It’s all connected, according to Gray. In fact, he and his colleagues avoid the terms “climate migrant” or “climate refugee.” Both groups are part of the same flow of people, following routes that have been carved by generations of migrants before them.

Gray’s research has shown that events like prolonged drought, heavy flooding, sea-level rise, and intensification of natural disasters have all contributed to human displacements. For example, a farmer working in an area that has become subject to drought might move to a bigger city within their country to seek other economic opportunities.

Although the story of climate-driven migration is more nuanced than it appears, Gray’s work is helping to unpack some of the complexities associated with it.

Molding the data

Upon completing field work for his PhD in rural Ecuador, Gray received opportunities to continue his research, including a project in Uganda studying soil degradation and rural livelihoods, and another in Bangladesh investigating population mobility and natural disasters. His research interest was so new that no matter the job, Gray had to collect his own data — or politely ask another researcher for theirs — often working with relatively limited data sets as a result.

But this has changed in the last decade, and Gray can now access publicly available data collected by other researchers.

“It’s possible to do a lot more now than we ever could before,” he says.

Organizations like the U.S. Agency for International Development, the World Bank, and national statistical agencies all have accessible databases that include household surveys and structured interviews. Participants have often reported on income, health, governmental aid, environmental changes, and a host of other human- and geography-related topics.

Gray’s day-to-day work involves managing and analyzing public data by writing thousands of lines of code to organize the information for analysis. He then examines different environmental factors and their potential connection to outcomes like human migration.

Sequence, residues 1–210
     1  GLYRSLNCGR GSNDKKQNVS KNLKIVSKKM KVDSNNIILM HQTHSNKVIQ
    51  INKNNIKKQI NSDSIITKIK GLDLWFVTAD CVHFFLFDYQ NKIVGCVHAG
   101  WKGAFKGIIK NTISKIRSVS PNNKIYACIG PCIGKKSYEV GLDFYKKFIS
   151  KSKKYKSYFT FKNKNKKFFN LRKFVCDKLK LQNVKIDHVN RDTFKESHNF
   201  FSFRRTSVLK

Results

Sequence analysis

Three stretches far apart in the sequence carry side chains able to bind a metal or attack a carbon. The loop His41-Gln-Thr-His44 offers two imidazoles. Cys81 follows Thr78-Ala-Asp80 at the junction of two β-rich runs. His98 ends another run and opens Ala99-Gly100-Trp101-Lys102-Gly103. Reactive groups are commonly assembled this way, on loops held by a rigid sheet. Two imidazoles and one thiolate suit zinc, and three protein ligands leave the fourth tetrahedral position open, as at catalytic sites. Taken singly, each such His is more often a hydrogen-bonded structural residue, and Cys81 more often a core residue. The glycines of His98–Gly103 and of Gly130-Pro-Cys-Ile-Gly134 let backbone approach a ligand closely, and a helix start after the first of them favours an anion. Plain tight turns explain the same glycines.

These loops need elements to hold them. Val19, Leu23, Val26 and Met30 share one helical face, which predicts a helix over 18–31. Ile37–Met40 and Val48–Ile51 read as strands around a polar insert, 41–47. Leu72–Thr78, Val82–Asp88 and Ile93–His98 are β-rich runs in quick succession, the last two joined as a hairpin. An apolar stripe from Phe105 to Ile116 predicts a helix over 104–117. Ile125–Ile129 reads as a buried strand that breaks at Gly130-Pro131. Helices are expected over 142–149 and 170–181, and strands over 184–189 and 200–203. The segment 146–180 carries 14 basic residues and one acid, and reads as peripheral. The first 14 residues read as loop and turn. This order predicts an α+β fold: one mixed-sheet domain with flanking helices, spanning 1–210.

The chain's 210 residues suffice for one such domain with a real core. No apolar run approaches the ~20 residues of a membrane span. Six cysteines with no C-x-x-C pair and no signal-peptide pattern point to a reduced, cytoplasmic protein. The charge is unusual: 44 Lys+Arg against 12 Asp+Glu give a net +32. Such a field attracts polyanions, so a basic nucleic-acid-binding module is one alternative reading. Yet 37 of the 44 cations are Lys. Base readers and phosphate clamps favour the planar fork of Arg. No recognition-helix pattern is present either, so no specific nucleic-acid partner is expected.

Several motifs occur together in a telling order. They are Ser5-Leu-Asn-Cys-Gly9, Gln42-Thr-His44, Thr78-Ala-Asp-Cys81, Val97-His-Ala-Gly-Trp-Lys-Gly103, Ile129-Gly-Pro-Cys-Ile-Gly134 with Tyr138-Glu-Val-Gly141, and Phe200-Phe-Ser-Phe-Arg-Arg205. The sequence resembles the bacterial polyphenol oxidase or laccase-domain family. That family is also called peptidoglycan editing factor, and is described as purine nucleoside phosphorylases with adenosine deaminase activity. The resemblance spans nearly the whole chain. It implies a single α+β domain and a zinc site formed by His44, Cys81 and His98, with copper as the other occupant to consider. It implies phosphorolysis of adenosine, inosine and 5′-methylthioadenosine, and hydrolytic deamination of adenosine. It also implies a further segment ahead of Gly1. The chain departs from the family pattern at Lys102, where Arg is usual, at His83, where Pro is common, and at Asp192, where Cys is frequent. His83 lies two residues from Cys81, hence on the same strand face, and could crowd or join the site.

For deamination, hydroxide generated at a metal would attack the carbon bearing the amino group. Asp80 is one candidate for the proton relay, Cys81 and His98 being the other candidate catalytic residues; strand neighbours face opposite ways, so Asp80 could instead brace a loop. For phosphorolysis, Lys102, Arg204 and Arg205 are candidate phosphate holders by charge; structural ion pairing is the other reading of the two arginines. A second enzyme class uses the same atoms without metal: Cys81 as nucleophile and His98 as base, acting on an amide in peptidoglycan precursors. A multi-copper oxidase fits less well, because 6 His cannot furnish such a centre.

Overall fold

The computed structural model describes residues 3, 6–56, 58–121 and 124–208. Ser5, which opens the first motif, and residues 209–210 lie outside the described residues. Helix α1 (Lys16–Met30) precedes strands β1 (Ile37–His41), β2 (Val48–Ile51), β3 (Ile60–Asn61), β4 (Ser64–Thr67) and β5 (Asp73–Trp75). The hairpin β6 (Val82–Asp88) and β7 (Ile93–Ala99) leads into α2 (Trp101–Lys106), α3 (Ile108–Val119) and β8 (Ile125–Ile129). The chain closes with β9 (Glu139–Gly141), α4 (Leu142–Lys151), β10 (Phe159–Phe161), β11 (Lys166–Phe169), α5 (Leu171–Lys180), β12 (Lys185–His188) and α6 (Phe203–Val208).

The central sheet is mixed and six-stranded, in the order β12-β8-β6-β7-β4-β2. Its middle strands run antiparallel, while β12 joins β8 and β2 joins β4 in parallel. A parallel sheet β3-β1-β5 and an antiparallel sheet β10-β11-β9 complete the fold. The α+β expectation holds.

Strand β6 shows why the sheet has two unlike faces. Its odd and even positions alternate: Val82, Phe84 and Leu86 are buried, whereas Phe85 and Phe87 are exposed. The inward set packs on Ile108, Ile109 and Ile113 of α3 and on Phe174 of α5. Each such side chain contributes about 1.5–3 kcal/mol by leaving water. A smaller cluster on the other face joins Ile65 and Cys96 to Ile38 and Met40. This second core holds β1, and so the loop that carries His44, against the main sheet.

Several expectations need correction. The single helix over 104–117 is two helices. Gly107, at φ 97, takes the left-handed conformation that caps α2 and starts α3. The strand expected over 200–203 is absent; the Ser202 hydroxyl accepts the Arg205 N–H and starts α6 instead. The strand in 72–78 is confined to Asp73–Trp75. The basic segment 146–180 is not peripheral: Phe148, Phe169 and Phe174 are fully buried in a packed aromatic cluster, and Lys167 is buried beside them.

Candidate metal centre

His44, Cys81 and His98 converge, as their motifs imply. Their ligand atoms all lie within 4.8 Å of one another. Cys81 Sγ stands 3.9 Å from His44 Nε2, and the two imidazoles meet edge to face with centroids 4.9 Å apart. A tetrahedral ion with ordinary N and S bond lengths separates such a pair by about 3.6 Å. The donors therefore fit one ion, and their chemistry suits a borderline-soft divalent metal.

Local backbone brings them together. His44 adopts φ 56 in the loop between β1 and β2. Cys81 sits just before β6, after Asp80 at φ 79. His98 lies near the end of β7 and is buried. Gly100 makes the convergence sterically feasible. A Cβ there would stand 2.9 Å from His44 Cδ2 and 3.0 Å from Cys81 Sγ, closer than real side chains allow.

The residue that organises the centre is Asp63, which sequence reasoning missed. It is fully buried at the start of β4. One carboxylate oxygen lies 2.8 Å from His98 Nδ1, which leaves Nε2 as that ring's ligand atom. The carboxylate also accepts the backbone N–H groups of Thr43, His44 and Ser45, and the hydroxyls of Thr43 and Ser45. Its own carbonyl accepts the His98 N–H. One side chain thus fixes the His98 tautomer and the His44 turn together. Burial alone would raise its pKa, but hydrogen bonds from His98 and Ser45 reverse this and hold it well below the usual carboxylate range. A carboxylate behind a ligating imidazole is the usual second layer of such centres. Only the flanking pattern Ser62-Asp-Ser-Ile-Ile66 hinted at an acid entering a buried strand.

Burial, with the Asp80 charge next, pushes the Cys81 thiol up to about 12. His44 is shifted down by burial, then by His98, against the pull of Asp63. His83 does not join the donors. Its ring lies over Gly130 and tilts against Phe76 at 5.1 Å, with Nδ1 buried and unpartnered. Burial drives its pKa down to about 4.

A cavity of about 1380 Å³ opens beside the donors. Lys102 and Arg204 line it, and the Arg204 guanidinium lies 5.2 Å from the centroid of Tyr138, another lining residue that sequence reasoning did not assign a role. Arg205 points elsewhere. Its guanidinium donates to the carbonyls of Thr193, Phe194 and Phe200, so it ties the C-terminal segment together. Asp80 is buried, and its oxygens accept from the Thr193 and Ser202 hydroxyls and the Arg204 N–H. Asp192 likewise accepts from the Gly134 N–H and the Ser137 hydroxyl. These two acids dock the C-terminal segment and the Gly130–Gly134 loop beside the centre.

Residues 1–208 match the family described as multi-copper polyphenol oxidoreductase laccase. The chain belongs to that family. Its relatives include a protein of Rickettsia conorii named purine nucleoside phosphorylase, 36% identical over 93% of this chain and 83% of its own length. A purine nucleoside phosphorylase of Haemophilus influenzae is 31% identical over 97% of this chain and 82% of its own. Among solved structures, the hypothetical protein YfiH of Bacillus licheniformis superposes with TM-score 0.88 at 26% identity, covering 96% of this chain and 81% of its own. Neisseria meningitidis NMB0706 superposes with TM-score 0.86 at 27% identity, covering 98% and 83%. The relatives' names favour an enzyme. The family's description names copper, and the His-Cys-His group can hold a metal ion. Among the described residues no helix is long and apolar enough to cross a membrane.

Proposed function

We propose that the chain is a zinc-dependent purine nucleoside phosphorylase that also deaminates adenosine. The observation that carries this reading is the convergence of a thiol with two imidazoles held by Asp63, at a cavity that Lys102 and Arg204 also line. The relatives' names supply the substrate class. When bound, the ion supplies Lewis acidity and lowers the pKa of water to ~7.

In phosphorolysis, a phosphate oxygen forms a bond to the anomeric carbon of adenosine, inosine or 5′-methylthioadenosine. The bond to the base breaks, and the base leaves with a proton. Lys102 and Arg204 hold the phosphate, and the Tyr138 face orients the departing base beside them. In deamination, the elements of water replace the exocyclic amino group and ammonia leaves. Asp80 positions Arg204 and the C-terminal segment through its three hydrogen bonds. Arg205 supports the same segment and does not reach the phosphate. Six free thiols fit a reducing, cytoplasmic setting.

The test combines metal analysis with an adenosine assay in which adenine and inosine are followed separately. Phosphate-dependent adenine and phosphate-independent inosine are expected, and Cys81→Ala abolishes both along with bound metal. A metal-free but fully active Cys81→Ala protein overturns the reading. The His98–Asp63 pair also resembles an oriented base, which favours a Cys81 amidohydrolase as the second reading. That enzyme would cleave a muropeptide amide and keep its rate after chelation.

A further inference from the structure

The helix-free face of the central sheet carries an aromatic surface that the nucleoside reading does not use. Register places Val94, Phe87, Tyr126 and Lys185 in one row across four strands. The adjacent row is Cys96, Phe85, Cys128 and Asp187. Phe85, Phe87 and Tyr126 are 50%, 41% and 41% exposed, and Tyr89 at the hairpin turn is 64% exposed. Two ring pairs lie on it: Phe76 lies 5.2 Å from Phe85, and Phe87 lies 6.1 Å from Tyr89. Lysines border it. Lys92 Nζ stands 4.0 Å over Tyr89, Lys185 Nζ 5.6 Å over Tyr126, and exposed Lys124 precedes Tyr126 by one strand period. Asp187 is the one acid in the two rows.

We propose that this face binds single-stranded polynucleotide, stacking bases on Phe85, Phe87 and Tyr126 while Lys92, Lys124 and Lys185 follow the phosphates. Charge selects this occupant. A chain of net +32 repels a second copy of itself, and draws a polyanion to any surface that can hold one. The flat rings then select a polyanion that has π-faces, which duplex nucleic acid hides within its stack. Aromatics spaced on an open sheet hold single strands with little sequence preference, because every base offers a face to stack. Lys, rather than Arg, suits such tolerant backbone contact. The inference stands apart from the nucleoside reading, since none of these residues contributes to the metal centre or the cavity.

Gray’s goal? To draw cause-and-effect relationships by combining survey and environmental data — work that is largely collaborative and involves other researchers from a variety of disciplines.

“It’s like fresh human knowledge just waiting to be unlocked,” he says. “It’s a bit like exploring the wilderness: We can choose where to go, and we don’t know what we’re going to find.”

Data science research like Gray’s is critical for addressing climate change. People want to know how they will be impacted. While the nuances are hard to convey, Gray hopes he can provide clarity and push policy change — work made easier thanks to the incredible support and resources at UNC-Chapel Hill.

He has been a true Tar Heel since the day he was born at UNC Hospitals. Even though he studies human movement, he has found a permanent home on campus and never strayed through his undergraduate years, PhD, and now as a professor in the Department of Geography.

“At UNC, I have always been able to find like-minded scholars who care deeply about the drivers and consequences of environmental change and also about supporting each other,” Gray shares. “It is working with these folks that is the most fun and exciting part of being a faculty member.”

Clark Gray is a professor in the Department of Geography within the UNC College of Arts and Sciences and a fellow within the Carolina Population Center.